The solidarity of the human family is fracturing.
We see it all around us. We see it in the comprehensively inadequate efforts by many rich countries to tackle the climate crisis. We see it in the failed response to the crippling debt crisis faced by the world’s poorest countries.
But the pandemic has shown us that countries – especially those from the Asian continent and across the Global South – can powerfully unite in common cause for the betterment of all of humanity.
India and South Africa have courageously led a group of over a hundred nations, demanding the rights to manufacture Covid-19 vaccines and treatments, at the World Trade Organization (WTO). By doing so, India and South Africa have asserted that there is something profoundly wrong about a handful of rich nations and their pharmaceutical companies such as Pfizer and Moderna getting to decide who lives and who dies across the world. They, too, have asserted that developing countries must not be a second-class partner in global affairs: but be able to take control of their own destiny.
Significant progress has been made in 18 months. Some advanced economies such as the US and Australia also came on board, agreeing in principle, recognising that extreme vaccine inequity is bad for the world.
But now all that progress is being put to the test, in decisions that will be taken in the next few days.
The European Union (EU) has been the world’s “biggest roadblock“, as former Irish president Mary Robinson described, to the developing world’s efforts to agree a suspension of intellectual property rules on COVID-19 vaccines and technologies at the WTO.
For two years, the EU has actively protected the hyper-profitable pharmaceutical monopolies held over COVID-19 vaccines technologies – even while over a hundred capable manufacturers could have been making them. The global public health leader and executive director of UNAIDS Winnie Byanyima has argued that had such steps been taken, we may have ended the pandemic by now.
But finally, after huge pressure from countries and people around the world, the EU is at the table. It says it is ready to compromise. It has put this to South Africa and India and other countries. Sadly, it is far from an adequate compromise. This is not a TRIPS waiver. After millions of avoidable deaths from COVID-19 and with infections rates soaring once again across our continent, agreeing to it would indeed not be a genuine compromise, but instead a gift for the EU and their pharmaceutical corporations.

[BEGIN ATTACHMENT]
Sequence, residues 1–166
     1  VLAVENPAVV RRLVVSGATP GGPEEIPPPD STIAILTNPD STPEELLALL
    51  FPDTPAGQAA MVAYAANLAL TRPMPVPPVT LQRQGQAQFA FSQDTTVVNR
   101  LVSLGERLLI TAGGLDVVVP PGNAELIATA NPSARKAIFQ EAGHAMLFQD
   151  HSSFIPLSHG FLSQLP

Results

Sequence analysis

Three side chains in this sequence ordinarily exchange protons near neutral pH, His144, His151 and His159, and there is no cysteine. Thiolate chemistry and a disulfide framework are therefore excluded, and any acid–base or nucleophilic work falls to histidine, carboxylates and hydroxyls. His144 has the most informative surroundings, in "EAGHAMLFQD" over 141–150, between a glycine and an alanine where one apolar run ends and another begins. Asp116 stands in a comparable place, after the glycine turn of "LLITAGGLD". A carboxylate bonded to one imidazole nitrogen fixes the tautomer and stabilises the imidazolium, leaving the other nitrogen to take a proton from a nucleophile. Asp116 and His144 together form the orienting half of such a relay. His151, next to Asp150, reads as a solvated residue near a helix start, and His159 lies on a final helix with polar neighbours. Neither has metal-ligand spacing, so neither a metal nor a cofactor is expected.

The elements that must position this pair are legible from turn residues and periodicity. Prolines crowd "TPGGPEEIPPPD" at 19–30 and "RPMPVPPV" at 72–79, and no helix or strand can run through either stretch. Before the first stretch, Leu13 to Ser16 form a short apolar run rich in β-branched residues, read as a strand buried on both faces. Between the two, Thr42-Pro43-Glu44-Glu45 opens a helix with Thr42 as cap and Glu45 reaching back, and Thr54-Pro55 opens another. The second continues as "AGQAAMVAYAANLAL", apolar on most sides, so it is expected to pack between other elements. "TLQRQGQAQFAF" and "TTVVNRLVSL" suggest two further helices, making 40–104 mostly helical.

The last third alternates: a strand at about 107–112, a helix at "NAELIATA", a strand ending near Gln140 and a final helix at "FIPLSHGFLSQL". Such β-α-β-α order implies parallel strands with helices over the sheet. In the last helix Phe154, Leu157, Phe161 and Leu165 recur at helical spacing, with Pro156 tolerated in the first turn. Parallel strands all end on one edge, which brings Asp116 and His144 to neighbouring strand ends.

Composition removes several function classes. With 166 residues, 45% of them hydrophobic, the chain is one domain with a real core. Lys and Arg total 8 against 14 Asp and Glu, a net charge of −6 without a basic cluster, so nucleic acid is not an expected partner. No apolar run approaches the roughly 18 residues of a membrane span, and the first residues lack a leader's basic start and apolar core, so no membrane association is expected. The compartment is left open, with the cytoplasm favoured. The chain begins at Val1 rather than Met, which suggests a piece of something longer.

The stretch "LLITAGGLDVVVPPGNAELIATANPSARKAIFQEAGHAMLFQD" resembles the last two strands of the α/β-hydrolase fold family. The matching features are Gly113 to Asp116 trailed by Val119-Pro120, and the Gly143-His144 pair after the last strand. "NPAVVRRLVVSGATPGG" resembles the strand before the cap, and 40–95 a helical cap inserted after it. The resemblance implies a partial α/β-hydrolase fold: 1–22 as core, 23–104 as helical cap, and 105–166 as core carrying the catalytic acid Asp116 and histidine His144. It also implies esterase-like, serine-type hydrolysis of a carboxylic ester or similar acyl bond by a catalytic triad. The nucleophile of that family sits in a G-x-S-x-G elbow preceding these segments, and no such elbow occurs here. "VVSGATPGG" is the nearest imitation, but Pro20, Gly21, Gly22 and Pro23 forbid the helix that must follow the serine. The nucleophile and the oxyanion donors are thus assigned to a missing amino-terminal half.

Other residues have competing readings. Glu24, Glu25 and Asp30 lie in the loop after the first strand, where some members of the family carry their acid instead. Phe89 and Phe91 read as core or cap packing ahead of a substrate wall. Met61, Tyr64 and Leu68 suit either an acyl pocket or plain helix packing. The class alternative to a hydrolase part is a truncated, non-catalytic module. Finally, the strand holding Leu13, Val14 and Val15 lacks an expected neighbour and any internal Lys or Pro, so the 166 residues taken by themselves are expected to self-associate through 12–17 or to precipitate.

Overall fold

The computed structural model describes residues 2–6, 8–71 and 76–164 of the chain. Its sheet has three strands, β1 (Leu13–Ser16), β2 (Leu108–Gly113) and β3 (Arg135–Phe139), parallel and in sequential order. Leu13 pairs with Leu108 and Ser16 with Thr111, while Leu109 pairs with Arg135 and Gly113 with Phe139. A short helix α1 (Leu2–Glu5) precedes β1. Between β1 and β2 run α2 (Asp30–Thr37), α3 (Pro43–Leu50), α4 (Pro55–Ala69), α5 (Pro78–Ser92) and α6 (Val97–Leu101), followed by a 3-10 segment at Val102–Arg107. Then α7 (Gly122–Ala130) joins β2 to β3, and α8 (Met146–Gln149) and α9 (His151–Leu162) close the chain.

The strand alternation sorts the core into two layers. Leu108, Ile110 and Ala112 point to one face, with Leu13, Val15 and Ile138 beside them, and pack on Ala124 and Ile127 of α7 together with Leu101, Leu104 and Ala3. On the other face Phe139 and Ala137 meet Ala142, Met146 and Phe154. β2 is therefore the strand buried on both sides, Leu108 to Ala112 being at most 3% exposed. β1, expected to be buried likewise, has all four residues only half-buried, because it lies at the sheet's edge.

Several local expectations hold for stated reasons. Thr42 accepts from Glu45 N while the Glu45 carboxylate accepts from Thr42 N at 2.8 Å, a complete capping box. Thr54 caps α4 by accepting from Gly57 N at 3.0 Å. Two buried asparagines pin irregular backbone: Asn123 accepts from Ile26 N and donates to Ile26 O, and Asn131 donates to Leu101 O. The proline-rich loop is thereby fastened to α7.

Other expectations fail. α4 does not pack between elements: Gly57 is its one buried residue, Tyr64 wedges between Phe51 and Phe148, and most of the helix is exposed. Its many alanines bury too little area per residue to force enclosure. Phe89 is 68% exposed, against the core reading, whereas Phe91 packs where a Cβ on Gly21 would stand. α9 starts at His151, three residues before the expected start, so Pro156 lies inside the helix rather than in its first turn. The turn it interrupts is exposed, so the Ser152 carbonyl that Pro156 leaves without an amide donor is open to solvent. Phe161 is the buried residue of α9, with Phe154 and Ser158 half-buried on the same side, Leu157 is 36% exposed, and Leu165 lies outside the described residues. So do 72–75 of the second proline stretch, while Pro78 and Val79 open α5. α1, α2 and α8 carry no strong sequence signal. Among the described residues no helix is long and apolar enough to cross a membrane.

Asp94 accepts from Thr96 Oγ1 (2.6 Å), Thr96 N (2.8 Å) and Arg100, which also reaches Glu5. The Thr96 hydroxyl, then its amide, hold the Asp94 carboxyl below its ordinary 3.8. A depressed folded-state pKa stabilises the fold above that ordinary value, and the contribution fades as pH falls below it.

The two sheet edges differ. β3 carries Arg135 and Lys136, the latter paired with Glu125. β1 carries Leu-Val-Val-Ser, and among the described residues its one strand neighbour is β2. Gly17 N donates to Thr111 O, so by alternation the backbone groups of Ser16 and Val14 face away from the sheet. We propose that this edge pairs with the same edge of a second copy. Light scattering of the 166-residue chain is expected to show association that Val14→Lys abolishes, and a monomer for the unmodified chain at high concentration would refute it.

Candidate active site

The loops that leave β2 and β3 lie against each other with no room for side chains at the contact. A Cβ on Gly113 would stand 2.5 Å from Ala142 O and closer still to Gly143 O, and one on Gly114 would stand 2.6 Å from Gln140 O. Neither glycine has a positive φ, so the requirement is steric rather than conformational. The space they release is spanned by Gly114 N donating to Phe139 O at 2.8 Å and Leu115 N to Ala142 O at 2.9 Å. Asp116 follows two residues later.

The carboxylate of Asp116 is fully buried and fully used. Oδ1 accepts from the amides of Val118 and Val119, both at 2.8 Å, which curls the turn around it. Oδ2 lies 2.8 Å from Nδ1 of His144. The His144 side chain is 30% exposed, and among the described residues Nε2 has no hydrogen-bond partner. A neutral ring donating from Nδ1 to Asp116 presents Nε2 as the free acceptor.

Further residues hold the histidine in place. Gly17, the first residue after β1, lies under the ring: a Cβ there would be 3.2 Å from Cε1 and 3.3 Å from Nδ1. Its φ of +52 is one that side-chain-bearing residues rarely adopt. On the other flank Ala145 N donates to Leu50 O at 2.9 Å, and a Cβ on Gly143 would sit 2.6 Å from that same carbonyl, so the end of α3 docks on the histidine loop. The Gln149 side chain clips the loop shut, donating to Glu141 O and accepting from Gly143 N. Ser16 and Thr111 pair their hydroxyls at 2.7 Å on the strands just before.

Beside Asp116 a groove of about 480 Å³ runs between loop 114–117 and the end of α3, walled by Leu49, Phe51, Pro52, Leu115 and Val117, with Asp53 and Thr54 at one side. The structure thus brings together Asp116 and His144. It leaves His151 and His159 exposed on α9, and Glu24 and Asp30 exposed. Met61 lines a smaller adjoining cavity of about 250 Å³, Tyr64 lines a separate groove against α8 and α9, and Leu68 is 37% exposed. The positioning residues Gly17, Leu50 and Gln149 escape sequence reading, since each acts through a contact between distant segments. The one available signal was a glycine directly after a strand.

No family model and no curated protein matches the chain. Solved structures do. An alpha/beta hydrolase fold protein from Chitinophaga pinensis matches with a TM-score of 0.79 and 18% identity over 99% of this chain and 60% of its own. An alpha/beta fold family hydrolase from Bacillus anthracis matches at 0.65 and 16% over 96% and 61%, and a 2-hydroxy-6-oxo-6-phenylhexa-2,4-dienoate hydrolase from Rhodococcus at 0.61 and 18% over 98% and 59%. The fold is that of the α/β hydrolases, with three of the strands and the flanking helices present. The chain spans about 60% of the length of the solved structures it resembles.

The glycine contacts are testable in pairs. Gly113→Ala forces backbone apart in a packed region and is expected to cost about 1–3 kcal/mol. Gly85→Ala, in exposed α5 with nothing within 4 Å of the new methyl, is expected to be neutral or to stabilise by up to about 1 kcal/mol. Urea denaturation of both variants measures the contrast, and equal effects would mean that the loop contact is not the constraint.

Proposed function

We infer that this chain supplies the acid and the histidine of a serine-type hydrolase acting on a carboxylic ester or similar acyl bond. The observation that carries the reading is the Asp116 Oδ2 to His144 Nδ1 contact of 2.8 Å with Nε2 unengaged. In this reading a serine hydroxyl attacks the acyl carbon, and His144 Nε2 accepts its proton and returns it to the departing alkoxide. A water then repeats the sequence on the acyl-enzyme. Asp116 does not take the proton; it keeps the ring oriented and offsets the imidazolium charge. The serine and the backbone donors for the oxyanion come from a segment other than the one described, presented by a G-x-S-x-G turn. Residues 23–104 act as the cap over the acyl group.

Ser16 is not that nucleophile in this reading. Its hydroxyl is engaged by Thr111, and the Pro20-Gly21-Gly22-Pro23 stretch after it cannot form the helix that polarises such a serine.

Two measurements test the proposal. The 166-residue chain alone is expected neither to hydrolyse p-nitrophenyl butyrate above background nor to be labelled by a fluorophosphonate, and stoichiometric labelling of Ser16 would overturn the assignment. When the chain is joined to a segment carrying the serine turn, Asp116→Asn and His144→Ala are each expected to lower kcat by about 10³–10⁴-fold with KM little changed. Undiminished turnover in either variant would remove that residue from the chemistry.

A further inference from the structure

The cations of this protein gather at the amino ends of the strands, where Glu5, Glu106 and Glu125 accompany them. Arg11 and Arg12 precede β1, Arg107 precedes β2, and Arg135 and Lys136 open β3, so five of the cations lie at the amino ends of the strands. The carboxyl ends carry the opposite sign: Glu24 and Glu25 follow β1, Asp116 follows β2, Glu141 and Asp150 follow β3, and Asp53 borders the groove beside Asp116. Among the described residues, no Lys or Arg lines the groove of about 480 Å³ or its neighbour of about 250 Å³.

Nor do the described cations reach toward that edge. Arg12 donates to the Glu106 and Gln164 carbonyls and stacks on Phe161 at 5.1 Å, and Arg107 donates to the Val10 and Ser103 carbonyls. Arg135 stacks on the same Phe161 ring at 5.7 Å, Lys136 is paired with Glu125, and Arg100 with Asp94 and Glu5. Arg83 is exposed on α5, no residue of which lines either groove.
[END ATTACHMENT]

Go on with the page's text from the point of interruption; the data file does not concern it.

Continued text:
There are some positives. The fact that the EU is finally recognising, after nearly two years, that pharmaceutical monopolies are a problem is a step forward. Moreover, the EU driven proposal allows for a partial waiver of restrictions on vaccine exports for generic manufacturers.
But the barriers that remain are inexcusably enormous and, if the objective is to increase and diversify vaccine manufacturing, the EU has failed to deliver. Most fundamentally, the EU-led compromise still denies developing countries and manufacturers essential information necessary to make COVID-19 vaccines. This includes manufacturing know-how, equipment, ingredients, and other information locked up as trade secrets, other forms of intellectual property and other fortresses of commercial confidentiality.
The so-called compromise only relates to vaccines despite desperate and extreme inequality in access to COVID-19 tests and treatments that could be saving lives now, especially in countries where the vaccines are not. And, inexplicably in the midst of a global health crisis, much of the world would be locked out of the agreement, including countries exporting more than 10% of the global vaccine supply, but also, as things stand, the poorest countries and non WTO members.
Perhaps most shameful of all is that far from lifting barriers, the EU has added more.
These include an onerous and nigh on impossible requirement to identify and list all patents related to a vaccine. With 280 components for the mRNA vaccines alone the patent landscape can be incredibly complex and contested; much of the information required may not even be in the public domain. Importantly for India, such patent listing is not a requirement of Indian law and endorsing it would therefore constitute a retrograde step for the nation.
We recognise some seeds of progress here. But the shallowness of this compromise is deadly.
After an estimated 20 million lives have been lost to COVID-19, at a time in which COVID-19 has killed four times more people in the poorest countries than rich countries, we must ask: is this really the best that the rich world can offer?
Source : The WIRE